Yup, Yup, Yup. I was hoping you'd straighten it out and not decide to sell him. And you are. Horses give us extreme highs and some mighty lows, but I wouldn't change it, I think you would agree! I've been invited to ride in a Walter Zettl clinic in April. He is a master dressage Olympian/trainer/MASTER who is currently touring with Parelli. I want to do it, but I will be the worst one there....What do you think? I mean, I WILL really be the worst one there. At the last clinic the rider's were all way above me in experience in the area of dressage, and I haven't had my lessons in 2 months due to WEATHER... But to say I was in a Walter clinic.... OH MY. Earth will spin on it's axis and the ground will shift. It would be no small accomplishment! Grin. Scary...

Tammy in TX said...

Wonderful! And I agree, just because there is respect on the ground, doesn't mean there is respect in the saddle. To me, that is a hole nother issue. My mare and I are a team on the ground, in the saddle and in the shafts. My cattle sorting instructor is very impressed at the responsiveness Summer gives me. And you are on your way there. It is a wonderful and insightful journey.

P.S. I am so digging your blog! Keep up the good work!

Breathe said...

Thanks! I swear I feel like I have the best people in the world helping me on this journey. When I get discouraged, ya'll help me keep the faith while acknowledging the challenge.

You're the best.

Now, all I need is to build skill. Intrepid Rider indeed!

Mrs Mom said...

EXCELLENT!!!! Lope for me too next time! ;) (I'm willing but our footing is bad bad bad right now...)

Keep it up girl. You're on the path and getting there!

allhorsestuff said...

Great stuff intrepid sister!
You happen to be the first person to acknowledge what I have thought all least with my mare.
I HAVE respect on the ground...I have an awesome relationship with my the saddle is another has less to do with me than it does with my mare. She has issues bug time fear ,pain and some hatred towards work...mostly in the arena.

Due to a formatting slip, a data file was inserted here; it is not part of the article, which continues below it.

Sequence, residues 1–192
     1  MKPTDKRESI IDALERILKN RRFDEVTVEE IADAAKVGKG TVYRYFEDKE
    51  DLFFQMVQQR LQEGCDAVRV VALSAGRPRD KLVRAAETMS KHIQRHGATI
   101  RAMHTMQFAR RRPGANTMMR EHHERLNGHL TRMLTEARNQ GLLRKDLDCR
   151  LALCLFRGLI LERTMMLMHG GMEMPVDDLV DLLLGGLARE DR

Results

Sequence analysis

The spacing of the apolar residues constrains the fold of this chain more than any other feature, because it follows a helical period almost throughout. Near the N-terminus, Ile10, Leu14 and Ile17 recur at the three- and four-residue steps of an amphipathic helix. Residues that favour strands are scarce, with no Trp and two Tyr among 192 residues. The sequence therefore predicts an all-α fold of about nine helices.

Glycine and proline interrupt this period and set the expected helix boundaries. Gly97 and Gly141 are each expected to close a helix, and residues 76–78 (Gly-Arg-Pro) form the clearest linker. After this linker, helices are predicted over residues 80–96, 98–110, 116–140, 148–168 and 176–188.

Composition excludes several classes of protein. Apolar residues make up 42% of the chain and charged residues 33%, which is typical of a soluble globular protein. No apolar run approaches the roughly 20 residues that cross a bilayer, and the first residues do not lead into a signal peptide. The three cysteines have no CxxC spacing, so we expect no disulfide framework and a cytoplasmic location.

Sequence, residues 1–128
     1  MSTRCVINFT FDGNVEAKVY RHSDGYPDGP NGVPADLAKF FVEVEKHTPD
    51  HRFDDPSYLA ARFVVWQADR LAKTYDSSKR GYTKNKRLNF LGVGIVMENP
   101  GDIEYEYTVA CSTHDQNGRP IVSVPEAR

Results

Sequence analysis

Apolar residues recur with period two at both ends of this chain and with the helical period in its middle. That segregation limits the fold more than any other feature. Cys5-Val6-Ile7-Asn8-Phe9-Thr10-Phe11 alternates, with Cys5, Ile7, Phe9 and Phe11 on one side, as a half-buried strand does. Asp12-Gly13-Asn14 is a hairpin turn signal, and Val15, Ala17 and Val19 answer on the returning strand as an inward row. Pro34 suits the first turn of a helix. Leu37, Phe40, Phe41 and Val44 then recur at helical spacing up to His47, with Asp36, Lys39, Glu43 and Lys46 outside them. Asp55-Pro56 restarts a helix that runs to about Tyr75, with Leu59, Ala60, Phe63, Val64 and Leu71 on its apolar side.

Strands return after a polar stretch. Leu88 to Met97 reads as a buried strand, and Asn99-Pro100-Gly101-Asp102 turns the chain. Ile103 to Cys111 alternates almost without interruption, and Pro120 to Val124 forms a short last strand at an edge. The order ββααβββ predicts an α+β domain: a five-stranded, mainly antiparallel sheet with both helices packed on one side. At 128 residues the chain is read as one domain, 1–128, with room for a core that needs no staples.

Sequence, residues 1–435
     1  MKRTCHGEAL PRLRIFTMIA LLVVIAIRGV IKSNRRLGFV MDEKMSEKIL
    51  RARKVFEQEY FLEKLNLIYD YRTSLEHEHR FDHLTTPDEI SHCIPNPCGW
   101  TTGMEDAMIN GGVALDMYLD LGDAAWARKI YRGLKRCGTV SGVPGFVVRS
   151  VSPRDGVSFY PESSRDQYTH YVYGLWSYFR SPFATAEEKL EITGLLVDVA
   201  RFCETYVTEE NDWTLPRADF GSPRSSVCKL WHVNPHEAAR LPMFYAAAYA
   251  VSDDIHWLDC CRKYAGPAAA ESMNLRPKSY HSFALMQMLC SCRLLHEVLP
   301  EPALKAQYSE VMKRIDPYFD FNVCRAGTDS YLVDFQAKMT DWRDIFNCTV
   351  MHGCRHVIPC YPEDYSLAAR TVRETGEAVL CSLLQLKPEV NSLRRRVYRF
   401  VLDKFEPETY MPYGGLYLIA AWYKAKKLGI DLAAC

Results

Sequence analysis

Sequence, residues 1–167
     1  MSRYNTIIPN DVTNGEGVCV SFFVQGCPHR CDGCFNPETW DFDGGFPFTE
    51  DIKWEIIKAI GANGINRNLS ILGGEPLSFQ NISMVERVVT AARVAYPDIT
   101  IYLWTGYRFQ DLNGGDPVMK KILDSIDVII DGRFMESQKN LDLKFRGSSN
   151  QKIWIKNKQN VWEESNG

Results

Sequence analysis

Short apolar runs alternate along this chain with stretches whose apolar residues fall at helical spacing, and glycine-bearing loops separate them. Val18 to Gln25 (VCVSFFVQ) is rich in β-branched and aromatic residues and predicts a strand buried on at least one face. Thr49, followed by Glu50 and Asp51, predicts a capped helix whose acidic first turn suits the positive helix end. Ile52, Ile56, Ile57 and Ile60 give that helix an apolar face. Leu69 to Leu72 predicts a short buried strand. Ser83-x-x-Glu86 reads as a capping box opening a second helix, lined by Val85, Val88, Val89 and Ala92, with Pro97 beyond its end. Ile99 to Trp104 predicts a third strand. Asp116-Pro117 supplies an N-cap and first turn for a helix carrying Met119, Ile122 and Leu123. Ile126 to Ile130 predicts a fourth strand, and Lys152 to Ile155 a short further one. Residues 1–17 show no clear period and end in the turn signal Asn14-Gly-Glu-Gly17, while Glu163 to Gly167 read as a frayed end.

I will keep at it..and so will you. Through patience and expertise and timing...we shall reach our equine loves and learn some true depth to ourselves!

Nuzzling Muzzles said...

Sounds like an awesome experience. Once the weather clears up and I can start round penning Gabbrielle, I plan to just sit quietly in the saddle and ask her with my mind to walk forward. I suspect it will work. The last time I "rode" her, she would only walk backwards with all my crop-tapping, kicking, and "forward" commands. I suspect if I take a quiet approach and remove all the extraneous cues, she might just understand and we can then move forward in her training.

Shirley said...

I believe that respect on the ground is easier to accomplish than respect under saddle. Why- because we are more confident on the ground,and the horse knows it. Being on their backs is a whole 'nother world, and one where any self doubt becomes magnified by the fear of being hurt. Any negative thoughts you have, the horse will pick up on. They can feel a fly land on their skin, so they darn sure can feel you tense up; which increases their fear, and lack of trust of you as a leader.
But as you found out, when you're "in the zone" communicating without fear, loving your horse, it's pure magic. Remember the feeling you had flying across the land at full tilt on that lovely black mare? I'd bet there wasn't a doubt in your mind.....

Breathe said...

Thanks everybody! Every one of these comments makes me just that much braver and confident. It takes a village to get a woman to canter.

or something like that. LOL

I'm glad to hear all this reinforcement about the ground vs. saddle thing. I have been sick of being told that if "only you knew how to round pen". Or "if only you had his respect on the ground."